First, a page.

Today, Mr. Speaker, I am pleased to be able to announce that stated support was genuine. The government has approved a $20 million relief package for Nova Scotia producers. This package will support farmers in the short term as they deal with the impact of the summer's dry weather. It will also help farmers deal with future challenges and long-term cash-flow problems.

Mr. Speaker, this government believes in growing the rural economy. Agriculture is an economic foundation for our rural communities. It needs to be supported in order to grow and continue to benefit Nova Scotians and this package does just that.

Mr. Speaker, I want to say that this program was developed through partnerships. It was designed by the Nova Scotia Federation of Agriculture and staff of the Nova Scotia Department of Agriculture and Marketing. It was a collective effort on behalf of producers, Mr. Speaker.

[3:00 p.m.]

I want to mention the names of the people who worked so hard to bring us the proposal this program is based on. From the Nova Scotia Federation of Agriculture: Peter Hill, Anthony Van Oostrum, Jim Austin and Laurence Nason. From the Nova Scotia Department of Agriculture and Marketing: Deputy Minister Alan Steel, Brian Smith, Dave Sangster, Derrick Jamieson, Dave Robinson and Sean Firth.

[Page 3961]

I also want to mention the role of the Premier and my honourable colleagues, Donald Downe and Robert Harrison, and all Cabinet colleagues. They deserve a great deal of credit (Interruptions) And George Archibald. (Applause) They all deserve a great deal of credit for the announcement that I am making today.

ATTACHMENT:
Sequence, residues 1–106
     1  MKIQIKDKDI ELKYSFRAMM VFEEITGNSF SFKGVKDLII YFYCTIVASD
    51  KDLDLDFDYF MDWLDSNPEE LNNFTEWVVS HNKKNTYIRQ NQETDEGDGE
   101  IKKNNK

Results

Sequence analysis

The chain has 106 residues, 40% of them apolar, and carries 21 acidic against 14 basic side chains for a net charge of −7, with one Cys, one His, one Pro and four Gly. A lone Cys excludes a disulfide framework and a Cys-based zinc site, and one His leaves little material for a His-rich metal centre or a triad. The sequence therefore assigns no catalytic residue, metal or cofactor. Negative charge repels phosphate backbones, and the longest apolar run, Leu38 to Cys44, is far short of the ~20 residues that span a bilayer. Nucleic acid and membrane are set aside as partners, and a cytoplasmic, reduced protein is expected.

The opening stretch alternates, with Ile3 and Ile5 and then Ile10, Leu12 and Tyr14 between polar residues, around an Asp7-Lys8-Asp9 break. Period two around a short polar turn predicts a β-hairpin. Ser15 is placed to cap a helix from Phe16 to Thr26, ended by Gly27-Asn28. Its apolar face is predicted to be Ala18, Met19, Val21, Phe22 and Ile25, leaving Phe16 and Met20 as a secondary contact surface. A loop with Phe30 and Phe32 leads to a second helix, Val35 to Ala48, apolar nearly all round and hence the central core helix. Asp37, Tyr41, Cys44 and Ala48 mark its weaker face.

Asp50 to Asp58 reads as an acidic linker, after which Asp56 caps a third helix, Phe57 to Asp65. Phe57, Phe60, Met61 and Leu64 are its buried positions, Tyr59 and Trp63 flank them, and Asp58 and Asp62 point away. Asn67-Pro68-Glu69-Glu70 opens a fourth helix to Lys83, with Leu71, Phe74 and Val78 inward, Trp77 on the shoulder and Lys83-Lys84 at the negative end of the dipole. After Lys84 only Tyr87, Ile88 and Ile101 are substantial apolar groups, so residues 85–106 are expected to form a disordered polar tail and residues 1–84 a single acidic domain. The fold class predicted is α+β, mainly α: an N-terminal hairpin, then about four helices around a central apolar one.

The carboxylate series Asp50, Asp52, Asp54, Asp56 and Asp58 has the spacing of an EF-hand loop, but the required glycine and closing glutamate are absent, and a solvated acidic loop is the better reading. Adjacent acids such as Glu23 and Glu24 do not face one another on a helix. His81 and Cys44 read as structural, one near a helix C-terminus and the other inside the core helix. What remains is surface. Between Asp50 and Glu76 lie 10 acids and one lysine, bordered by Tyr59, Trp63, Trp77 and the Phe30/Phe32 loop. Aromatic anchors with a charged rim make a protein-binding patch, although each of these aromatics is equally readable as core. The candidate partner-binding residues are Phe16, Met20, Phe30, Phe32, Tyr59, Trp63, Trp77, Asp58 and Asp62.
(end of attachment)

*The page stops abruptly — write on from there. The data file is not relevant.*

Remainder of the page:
In brief, Mr. Speaker, the program has three components:

One, reintroduction of last year's Weather-Related Loss Provision Program. This program will provide grants to assist farmers in paying the interest on weather-related loans. Last year's program provided $3.2 million in interest relief to producers who had been forced to take out loans to offset weather-related losses.

Two, development of a new grant program to assist farmers in making payments on loans taken out to offset weather-related losses. This new program is open to all applicants who were approved under the Weather-Related Loss Provision Program in 1997. Payments will be calculated at 50 per cent of 20 per cent of the principal amount of the loan.

Finally, the third component, funds to assist farmers in joining a national farm income disaster program that is being discussed by the provinces and the federal government. Such a program could be in place by the spring of 1999 and would be cost-shared 60 per cent federally and 40 per cent provincially.

If such a program does not materialize, we will work with the Federation of Agriculture to use the funds to develop an additional program to further assist farmers with weather-related losses. In the event that the demand under these components exceeds $20 million, payments will be prorated.

Mr. Speaker, this package will help farmers in the short term and offer support during a recovery period. Again, the government has always said it supports agriculture and today we are proud and pleased to be able to show it.